YEVGENY SUDBIN REVIEW

NORMAN STINCHCOMBE SHARES THE PAIN OF PIANIST YEVGENY SUDBIN AT THE LOW TURNOUT FOR HIS BIRMINGHAM TOWN HALL RECITAL

Yevgeny Sudbin at the Birmingham Town Hall ***

Perhaps it was the embarrassingly small audience which made this recital a rather muted affair. Sudbin tried hard to hide his disappointment at the empty rows but, the final item completed, made a swift exit without offering an encore. He began with two quirky Domenico Scarlatti sonatas. In Sudbin's hands the pensive Sonata in F minor peered forward into the era of romanticism – without any hint of being manipulated – while the Sonata in G Major's perpetual energy and humorous scampering was clearly conveyed. In Scriabin's Sonata No 5 Sudbin captured the composer's potent mixture of eroticism and mysticism; the music emerging from a mysterious bass rumble, the incense-swathed chords and explosive triple forte finish all in place. His own arrangement of Saint-Saens Danse Macabre was impressive with its sinister counterpoint and sudden vanishing act.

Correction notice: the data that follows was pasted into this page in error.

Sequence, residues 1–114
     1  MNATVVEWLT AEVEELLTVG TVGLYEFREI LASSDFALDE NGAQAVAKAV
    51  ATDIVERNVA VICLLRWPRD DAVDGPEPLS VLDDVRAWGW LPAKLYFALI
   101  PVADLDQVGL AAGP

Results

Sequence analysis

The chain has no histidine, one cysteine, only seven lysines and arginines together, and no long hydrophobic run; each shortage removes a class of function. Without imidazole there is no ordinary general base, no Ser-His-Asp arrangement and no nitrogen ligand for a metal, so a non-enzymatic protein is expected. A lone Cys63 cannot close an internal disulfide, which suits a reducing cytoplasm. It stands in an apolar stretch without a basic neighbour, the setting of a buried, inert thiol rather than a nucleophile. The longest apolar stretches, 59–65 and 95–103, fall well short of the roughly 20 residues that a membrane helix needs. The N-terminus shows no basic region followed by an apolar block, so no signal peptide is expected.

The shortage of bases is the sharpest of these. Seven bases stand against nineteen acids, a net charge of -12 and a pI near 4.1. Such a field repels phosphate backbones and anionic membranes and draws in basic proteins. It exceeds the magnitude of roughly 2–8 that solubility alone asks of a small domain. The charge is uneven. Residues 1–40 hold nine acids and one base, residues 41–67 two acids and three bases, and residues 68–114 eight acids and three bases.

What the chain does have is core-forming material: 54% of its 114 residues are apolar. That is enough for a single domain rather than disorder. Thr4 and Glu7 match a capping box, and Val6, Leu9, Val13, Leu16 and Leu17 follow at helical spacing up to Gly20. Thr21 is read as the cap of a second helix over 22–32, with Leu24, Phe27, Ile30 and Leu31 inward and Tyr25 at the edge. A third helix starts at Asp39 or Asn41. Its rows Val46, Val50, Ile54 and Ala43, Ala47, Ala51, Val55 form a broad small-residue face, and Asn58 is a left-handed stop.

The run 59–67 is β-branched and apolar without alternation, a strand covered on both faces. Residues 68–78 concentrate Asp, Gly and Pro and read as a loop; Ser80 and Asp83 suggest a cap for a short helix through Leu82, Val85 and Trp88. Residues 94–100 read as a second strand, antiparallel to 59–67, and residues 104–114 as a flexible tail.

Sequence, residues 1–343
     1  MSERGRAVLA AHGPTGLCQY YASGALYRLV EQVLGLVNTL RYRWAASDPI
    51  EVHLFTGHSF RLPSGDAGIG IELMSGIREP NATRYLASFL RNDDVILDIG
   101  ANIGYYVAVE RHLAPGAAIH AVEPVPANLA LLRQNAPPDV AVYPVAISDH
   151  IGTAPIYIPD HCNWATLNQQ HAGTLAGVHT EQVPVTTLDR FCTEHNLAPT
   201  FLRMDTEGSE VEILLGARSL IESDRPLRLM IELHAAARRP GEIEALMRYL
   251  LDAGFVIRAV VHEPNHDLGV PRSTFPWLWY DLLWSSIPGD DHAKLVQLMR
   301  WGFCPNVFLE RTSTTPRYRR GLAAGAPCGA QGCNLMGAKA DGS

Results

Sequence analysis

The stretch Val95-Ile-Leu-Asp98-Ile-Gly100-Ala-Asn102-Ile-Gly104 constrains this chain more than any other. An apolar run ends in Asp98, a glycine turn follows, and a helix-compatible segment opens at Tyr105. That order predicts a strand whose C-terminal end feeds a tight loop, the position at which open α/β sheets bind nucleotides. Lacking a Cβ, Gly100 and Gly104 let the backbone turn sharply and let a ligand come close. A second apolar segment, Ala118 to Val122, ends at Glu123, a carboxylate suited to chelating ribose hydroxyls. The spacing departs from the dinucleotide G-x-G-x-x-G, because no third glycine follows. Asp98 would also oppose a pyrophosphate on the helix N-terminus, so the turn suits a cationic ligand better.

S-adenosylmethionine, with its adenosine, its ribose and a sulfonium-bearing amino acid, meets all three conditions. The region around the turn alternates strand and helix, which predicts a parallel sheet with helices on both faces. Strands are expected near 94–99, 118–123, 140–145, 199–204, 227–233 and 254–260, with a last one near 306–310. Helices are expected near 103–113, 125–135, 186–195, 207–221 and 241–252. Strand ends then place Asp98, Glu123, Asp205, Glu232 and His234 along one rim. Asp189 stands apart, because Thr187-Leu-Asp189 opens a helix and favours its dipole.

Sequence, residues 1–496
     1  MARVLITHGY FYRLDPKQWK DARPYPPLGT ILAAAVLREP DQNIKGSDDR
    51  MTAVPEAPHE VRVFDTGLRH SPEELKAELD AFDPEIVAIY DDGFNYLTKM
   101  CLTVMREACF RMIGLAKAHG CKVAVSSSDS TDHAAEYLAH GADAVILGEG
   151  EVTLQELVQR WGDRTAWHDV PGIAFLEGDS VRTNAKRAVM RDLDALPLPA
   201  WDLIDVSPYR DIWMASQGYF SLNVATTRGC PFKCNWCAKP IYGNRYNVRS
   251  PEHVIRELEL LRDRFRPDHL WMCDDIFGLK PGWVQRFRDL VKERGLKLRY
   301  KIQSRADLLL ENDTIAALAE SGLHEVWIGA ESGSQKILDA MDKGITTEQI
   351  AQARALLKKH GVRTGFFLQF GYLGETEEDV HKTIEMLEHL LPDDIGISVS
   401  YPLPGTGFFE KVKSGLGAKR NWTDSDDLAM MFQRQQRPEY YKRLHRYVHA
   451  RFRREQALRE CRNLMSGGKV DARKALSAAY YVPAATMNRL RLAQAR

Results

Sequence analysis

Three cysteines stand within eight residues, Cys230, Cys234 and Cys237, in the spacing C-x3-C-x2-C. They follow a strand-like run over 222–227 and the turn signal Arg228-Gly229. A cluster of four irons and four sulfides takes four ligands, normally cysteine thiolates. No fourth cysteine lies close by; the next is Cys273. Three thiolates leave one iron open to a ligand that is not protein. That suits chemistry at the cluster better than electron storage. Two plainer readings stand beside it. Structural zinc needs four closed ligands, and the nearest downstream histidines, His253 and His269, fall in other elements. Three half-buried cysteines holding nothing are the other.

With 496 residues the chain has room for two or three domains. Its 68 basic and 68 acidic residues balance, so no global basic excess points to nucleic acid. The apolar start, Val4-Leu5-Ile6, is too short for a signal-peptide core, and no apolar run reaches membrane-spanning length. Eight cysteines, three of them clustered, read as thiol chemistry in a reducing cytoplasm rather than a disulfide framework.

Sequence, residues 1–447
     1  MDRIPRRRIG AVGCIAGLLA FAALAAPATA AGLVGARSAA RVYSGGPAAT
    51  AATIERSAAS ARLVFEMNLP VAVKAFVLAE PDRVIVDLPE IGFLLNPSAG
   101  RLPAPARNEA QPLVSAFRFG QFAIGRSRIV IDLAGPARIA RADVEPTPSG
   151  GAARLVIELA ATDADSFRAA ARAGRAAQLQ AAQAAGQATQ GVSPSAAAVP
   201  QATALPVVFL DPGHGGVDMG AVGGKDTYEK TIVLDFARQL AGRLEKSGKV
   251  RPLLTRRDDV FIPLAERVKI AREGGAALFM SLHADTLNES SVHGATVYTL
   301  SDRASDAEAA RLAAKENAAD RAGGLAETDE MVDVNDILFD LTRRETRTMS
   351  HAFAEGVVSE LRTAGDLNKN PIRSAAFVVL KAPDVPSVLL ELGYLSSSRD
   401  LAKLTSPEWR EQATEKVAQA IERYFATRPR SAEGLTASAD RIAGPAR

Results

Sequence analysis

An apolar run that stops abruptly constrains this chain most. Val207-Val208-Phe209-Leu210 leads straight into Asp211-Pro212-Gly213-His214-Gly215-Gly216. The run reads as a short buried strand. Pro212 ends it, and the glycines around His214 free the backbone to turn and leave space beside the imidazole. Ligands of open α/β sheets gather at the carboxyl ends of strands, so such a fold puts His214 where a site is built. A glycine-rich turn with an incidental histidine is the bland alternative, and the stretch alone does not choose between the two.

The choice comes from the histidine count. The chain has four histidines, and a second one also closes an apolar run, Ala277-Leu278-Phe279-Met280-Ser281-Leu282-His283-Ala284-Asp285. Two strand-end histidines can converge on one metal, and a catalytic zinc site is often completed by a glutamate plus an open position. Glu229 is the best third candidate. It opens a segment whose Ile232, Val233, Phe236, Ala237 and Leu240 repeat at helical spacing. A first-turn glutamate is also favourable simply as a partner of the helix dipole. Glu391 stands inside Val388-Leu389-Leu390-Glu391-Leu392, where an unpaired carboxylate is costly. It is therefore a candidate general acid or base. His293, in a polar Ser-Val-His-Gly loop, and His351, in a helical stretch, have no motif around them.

Surely Beethoven's tongue was firmly in his cheek when he named his Op.26 set of six as Bagatelles. They're certainly short but are really musical epics compressed into two and three minutes, as dense as white dwarf stars or Webern's orchestral pieces. I'm sure Sudbin sees that but, if so, he didn't convey it. The opening Andante con moto piece is Beethoven thinking out loud, its written-in hesitations and quasi-extemporizations are the creative process in sound. Alfred Brendel made its wonder, magic and crazy insouciance vividly present – Sudbin got all the notes but the rest just slipped though his fingers. Chopin's Ballade No 4 is similarly a world-in-twelve-minutes but Sudbin's performance was exquisite but decidedly small-scale.

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